... These findings are consistent with previous studies bolding the significant role of emotional competence as a stimulus of employee's job satisfaction. Importantly, results underline that a higher level of emotional competence is greatly associated with large-scale positive changes in organizational behavior (Giardini & Frese, 2008;Mayer et al., 2000;Miao et al., 2016). The utilization of emotional competence as a manager's ability to regulate and direct emotions toward constructive performance is fundamental for successful leadership. ...
Article
Purpose The purpose of this study is to examine various configurations leading to job satisfaction (JS) in Mongolian private companies through five typical factors: perceived mission statement quality (MSQ), romanticism management philosophy (RMP), psychological ethical climate (PEC), ethical ambiguity (EA), and emotional competence (EC). Method This study conducts a fuzzy set qualitative comparative analysis (fsQCA) with 202 private sector employees in Mongolia. The current study comes up with three propositions, and the research procedure is divided into two stages. This new approach produces configurations sufficiently, leading to outcomes, equifinality, and conjunction. Findings This study explores six pathways leading to employee satisfaction. Each pathway consists of the combination of perceived mission statement quality, romanticism management philosophy, psychological ethical climate, low tendency of ethical ambiguity, and managers’ emotional competence. Among those, managers’ emotional competence is a core condition for high job satisfaction. Implications Our findings suggest that to satisfy employees, managers’ emotional competence plays a vital role in building sufficient conditions that lead to the desired outcomes. Thus, professional development and training are required to maintain and improve managers’ competence. Originality/value This study introduces a fresh theoretical perspective for understanding cause-effect relationships between critical conditions and job satisfaction.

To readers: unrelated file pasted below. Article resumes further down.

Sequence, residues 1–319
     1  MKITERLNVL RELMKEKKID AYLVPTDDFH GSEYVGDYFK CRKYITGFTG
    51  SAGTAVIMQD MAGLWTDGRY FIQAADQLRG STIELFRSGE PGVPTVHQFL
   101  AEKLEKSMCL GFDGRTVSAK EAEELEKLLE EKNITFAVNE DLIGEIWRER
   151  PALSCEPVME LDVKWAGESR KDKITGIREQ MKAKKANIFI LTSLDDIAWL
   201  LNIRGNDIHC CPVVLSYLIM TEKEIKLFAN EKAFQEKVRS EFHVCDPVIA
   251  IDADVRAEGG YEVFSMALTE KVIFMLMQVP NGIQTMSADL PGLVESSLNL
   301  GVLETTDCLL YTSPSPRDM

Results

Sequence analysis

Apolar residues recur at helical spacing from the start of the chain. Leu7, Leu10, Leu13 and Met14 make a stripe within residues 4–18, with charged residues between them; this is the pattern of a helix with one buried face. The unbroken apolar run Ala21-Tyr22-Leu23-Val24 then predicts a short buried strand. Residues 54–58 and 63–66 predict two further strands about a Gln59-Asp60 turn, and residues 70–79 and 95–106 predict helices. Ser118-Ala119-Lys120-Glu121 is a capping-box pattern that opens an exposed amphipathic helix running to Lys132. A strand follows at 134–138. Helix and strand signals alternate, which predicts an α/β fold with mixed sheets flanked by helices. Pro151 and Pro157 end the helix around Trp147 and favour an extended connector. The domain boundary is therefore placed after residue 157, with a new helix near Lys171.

... Extending this theory to EI, workplace events shape how employees express and control their emotions, leading to workplace outcomes, for example, job performance and organizational citizenship behavior (e.g., Bozionelos & Singh, 2017;Joseph et al., 2015). For example, previous studies show that leader EI influences subordinate job satisfaction (Miao et al., 2016). Research also shows that employee EI is positively related to job satisfaction and negatively related to burnout in public service jobs (Lee, 2018). ...
Article
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This study aimed to examine the effect of psychological capital (PsyCap) on work engagement and explore the mediating role of emotional intelligence (EI) on the relationship among public sector employees. Data was collected from a sample of 557 public sector employees in Nigeria, to test the hypothesized model and structural equation modeling (SEM) was employed. The findings of the study indicated that PsyCap has a significant positive influence on work engagement. Importantly, EI fully mediates the relationship between PsyCap and work engagement. The study provides theoretical explanations for the relationship and practical implications were discussed.